I’ve spent a lot of time in the toy aisle lately; all of M’s friends seem to have been born in winter, so we’ve been buying birthday presents. So today, we were looking for presents, and we went down the Lego aisle. M saw the Star Wars Legos and made a beeline for them. “Look!” she cried, pointing at the display of figurines. “Where’s Leia?”
I started hunting through the rows of figurines, looking for Leia in her white robe. Eventually I found her in the back, wearing the “slave bikini” costume. Which looks really weird on a Lego, I might add. Inwardly I heaved a sigh. Really? To hell with her bravery, brains or compassion–let’s see the girl in her undies. You can’t get the figurine in any other costume. And all of the men are heavily clothed.
What does this teach girls? That her brains and skills are worthless–she just better look good in that bikini. And what does it teach boys? That a girl’s brains ans skills are worthless–she just better look good in that bikini. Is this really what we want to teach our kids?
I’m even more offended by the Lego Friends series, ie, “Legos for girls.” They are all insufferably pink. The commercial for these things has the girl of the family showing off her makeup table (of course…she doesn’t have any actual hobbies) while Mom bakes cupcakes in the kitchen and Dad mows the lawn. Other offerings for buildings from this series include: a bakery, a pet shop, a beauty salon, and in the sparkly version, a model’s runway. There is one character that has a karate dojo, and that’s the only gender neutral offering I could find. I could also only find it online.
I loved Legos as a kid. I had the old school kind that didn’t “make” anything; they were just there for building whatever you liked. I had red, yellow, blue and white, and I didn’t feel slighted by not having “girl” Legos. Likewise, I wasn’t forced to make “girl stuff.” Sure, I made a pet store, but I also made a fortress, a coliseum and a skyscraper. With these Friends sets, she can only make a cupcake store–and surely she’s not eating those cupcakes herself, because she needs to be on that runway!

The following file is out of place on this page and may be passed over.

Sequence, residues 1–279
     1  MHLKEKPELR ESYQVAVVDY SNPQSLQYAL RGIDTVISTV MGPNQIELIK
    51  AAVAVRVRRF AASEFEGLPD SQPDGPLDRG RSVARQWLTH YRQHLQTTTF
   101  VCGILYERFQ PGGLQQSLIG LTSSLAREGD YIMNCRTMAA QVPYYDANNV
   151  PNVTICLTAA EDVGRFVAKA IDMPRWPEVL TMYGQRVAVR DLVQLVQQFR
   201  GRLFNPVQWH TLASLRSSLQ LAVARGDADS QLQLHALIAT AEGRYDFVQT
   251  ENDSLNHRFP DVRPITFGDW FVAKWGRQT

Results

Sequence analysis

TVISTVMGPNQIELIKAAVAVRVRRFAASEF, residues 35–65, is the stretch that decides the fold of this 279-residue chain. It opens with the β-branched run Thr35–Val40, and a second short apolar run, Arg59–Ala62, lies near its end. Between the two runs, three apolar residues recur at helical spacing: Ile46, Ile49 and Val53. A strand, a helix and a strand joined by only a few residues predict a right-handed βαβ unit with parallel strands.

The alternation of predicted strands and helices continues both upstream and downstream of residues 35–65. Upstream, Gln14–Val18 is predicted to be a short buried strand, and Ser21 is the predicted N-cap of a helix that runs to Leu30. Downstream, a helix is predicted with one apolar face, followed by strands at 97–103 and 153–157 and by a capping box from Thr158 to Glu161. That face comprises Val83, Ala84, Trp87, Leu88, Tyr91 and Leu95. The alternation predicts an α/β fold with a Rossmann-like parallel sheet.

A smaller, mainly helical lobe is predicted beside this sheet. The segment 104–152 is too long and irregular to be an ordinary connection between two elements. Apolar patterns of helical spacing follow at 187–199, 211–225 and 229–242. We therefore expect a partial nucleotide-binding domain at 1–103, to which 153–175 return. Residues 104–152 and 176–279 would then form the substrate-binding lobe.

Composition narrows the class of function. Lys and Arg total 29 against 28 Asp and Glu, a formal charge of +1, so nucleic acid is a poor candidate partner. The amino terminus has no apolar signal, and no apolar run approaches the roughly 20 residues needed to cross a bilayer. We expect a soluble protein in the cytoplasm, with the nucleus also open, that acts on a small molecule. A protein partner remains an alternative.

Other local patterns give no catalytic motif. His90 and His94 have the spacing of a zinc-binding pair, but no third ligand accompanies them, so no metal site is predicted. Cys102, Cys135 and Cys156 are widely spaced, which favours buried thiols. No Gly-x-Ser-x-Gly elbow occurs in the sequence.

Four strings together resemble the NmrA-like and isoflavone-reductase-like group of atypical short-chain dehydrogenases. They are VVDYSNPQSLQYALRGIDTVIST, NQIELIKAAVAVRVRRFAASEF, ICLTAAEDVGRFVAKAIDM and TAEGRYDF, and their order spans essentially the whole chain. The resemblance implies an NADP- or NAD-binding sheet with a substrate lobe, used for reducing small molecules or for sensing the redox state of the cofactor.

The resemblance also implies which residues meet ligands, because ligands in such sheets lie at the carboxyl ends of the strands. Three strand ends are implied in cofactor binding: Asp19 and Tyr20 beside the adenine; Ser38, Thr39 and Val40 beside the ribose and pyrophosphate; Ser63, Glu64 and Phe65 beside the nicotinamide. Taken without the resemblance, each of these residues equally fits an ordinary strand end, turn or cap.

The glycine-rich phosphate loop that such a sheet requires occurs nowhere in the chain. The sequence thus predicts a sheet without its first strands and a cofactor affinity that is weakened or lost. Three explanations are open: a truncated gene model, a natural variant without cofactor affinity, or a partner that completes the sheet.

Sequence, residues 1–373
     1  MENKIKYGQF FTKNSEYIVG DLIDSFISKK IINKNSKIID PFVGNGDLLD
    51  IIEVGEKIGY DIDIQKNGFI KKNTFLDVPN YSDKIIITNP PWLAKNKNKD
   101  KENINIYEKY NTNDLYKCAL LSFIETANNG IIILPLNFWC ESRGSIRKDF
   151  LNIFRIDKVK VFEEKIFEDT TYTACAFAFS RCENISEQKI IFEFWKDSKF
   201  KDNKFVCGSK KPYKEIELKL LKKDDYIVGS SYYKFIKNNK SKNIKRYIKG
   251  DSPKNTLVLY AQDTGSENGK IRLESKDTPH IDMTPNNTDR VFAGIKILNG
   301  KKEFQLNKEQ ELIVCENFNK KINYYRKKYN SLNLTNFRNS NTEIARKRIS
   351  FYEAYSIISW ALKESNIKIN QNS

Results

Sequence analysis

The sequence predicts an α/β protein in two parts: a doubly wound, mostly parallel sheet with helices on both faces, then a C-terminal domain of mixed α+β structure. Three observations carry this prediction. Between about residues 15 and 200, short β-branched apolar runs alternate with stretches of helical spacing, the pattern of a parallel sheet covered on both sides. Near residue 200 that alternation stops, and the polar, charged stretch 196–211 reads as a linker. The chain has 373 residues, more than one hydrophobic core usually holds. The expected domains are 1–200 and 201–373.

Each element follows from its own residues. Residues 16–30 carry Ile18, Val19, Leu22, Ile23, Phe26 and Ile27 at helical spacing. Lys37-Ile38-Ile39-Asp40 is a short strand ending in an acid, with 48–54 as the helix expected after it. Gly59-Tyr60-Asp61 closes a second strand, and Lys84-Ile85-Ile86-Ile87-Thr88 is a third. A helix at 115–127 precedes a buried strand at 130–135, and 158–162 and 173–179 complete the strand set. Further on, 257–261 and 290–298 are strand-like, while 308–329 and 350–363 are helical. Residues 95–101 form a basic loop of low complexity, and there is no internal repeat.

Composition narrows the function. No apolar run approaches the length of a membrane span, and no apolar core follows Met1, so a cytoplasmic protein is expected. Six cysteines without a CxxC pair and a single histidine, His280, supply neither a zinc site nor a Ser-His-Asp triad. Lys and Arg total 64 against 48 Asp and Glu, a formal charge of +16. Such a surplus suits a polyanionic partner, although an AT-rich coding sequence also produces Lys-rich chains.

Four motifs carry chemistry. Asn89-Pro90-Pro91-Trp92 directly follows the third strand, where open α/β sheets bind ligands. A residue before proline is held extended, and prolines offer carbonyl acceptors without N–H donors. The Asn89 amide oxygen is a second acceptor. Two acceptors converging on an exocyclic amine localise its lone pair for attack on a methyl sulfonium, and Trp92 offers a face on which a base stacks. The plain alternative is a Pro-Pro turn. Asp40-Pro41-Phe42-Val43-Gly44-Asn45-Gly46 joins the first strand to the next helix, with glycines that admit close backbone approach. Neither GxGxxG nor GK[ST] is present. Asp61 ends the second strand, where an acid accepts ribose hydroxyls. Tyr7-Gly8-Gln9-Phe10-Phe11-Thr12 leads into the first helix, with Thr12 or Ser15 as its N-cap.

It’s not just the Legos. In addition to the line of impossible fashion dolls, there are some other things. Want a bow and arrow for your daughter? Sure! It’s pink and called a “Rebelle.” Want a telescope? Sure! There’s a pink and glittery one! Or how about science kits for girls? Sure–make perfume, soap, or your own makeup! Boys’ toys go to space and storm castles; girls’ go to the mall and look pretty for boys.
M wanted a science kit that let’s you dig up dinosaur bones, but asked hesitantly, “But…is it for boys?” I told her no, that everything in the catalog was for whoever wanted it. M smiled and circled things in the catalog she wanted, but it bothered me. She shouldn’t have to ask. She shouldn’t assume that only things that are pink and glittery are “for” her. I know it’s a battle I’ll have to fight every day.
In the meantime, it would be wonderful to just be able to buy her a box of Legos. You know, Lego flavored Legos, the kind that you can use to build anything, no matter who you are.